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The world watches as Hong Kong court delivers guilty verdict in first trial under new security law

1 year 7 months 3 weeks ago Tuesday, July 27 2021 Jul 27, 2021 July 27, 2021 5:16 AM July 27, 2021 in News
Source: Associated Press
Tong Ying-kit

HONG KONG (AP) — The first person to be tried under Hong Kong’s sweeping national security law was found guilty of secessionism and terrorism on Tuesday in a ruling condemned by human rights activists.

The Hong Kong High Court handed down the verdict in the case of Tong Ying-kit, 24. He is accused of driving his motorcycle into a group of police officers while carrying a flag bearing the protest slogan “Liberate Hong Kong, revolution of our times” on July 1 last year, a day after Beijing imposed sweeping national security legislation on Hong Kong following months of anti-government protests in 2019.

The verdict was closely watched for indications of how similar cases will be dealt with in the future. More than 100 people have been arrested under the security legislation.

Tong pleaded not guilty to charges of inciting secession and terrorism, and an alternative charge of dangerous driving.

He faces a maximum sentence of life imprisonment, and his lawyers are expected to argue for a lighter punishment at his sentencing hearing Thursday.

Reading the verdict, Justice Esther Toh said Tong “committed terrorist activities causing or intended to cause grave harm to the society” in pursuit of a political agenda.

His behavior was an act of violence aimed at coercing the central and Hong Kong governments and intimidating the public, Toh said.

Carrying the slogan-bearing flag constituted an act of incitement to secession, she said.

Because the prosecution was certain that it had proven “each and every element” of the terrorism and secession charges, it decided not to proceed with the dangerous driving charge.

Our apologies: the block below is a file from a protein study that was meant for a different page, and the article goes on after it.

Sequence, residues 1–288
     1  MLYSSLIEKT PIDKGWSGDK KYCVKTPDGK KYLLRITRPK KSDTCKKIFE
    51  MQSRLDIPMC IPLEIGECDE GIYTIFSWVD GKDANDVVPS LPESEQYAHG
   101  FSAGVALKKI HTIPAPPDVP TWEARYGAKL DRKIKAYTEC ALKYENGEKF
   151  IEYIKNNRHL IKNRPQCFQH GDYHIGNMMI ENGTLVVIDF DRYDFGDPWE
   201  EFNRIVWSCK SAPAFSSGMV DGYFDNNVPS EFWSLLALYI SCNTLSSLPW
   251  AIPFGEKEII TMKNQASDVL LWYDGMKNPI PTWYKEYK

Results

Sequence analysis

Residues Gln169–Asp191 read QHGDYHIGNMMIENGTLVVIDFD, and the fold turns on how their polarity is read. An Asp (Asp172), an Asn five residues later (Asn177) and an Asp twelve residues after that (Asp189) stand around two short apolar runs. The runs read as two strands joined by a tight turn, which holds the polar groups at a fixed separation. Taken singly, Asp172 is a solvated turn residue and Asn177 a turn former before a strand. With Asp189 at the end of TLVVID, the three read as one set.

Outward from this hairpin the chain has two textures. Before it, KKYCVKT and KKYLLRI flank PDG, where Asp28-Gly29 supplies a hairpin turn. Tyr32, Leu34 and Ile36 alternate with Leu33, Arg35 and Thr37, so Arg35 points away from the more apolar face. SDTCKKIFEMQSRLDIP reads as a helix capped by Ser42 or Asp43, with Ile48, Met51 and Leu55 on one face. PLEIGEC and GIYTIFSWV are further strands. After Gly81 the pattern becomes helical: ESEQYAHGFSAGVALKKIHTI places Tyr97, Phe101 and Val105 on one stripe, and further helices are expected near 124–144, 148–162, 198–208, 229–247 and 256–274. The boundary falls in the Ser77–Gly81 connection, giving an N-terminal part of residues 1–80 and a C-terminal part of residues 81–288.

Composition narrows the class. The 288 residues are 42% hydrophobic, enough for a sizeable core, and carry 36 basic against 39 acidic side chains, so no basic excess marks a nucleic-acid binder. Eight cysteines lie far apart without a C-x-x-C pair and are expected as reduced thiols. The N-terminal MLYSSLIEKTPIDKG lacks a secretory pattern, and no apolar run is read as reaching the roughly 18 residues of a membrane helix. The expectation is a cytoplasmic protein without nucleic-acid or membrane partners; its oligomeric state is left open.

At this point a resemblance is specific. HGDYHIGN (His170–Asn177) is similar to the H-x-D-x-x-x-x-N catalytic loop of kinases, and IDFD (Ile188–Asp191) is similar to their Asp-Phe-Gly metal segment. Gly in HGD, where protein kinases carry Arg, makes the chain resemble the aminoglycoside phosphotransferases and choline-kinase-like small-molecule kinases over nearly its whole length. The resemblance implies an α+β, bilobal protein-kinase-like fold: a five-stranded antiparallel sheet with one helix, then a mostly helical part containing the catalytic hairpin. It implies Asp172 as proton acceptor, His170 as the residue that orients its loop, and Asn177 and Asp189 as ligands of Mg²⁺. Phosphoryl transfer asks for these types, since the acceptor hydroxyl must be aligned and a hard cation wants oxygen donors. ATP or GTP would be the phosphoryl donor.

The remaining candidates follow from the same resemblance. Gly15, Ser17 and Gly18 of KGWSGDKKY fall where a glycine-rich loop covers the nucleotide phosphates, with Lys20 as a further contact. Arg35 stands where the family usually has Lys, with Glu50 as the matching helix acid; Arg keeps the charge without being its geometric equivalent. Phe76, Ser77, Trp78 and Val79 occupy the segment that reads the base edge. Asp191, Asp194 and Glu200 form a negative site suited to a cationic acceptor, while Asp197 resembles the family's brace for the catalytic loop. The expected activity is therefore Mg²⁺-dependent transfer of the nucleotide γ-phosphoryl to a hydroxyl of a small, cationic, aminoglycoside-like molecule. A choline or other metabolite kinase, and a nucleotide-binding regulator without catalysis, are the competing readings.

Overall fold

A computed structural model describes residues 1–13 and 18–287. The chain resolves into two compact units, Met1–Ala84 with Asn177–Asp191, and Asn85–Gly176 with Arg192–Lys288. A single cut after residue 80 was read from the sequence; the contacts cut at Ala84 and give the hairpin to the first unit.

Tong did not speak during the reading of the verdict. He waved to his parents and others in the gallery as he was escorted from the chamber.

The trial, which ended July 20, was held in the High Court with no jury, under rules allowing the exception from Hong Kong’s common law system if state secrets need to be protected, foreign forces are involved or if the personal safety of jurors needs to be protected. Trials are presided over by judges handpicked by Hong Kong leader Carrie Lam.

Tong’s defense lawyer has said it’s impossible to prove that Tong was inciting secession merely by having used the slogan.

The defense also said there is no evidence that Tong committed the act deliberately, that he avoided crashing into officers and that his actions couldn’t be considered terrorism since there was no serious violence or harm to society.

The verdict was immediately condemned by Amnesty International, which called it “the beginning of the end for freedom of expression in Hong Kong.”

“People should be free to use political slogans during protests, and Tong Ying-kit should not be punished for exercising his right to free speech,” Asia-Pacific Regional Director Yamini Mishra said in an emailed statement. “It is particularly clear that he should never have been charged with a ‘national security’ offense carrying a possible life sentence.”

While Hong Kong has its own Legislative Council, Beijing’s ceremonial legislature imposed the national security law on the semi-autonomous city after it determined the council was unable to pass the legislation itself because of political opposition.

That followed increasingly violent 2019 protests against China’s growing influence over Hong Kong’s affairs, despite commitments to allow the city to maintain its own system for 50 years after its 1997 handover from British colonial rule.

China’s legislature has mandated changes to the makeup of the city’s Legislative Council to ensure an overwhelming pro-Beijing majority, and required that only those it determines “patriots” can hold office.

Authorities have banned the protest slogan “Liberate Hong Kong, revolution of our times,” stating that it has secessionist connotations. Library books and school curricula have also been investigated for alleged secessionist messages.

Hong Kong’s last remaining pro-democracy newspaper, Apple Daily, was forced out of business last month and a court denied bail for four editors and journalists held on charges of endangering national security as part of the widening crackdown.

Beijing has dismissed criticisms, saying it is merely restoring order to the city and instituting they same type of national security protections found in other countries.

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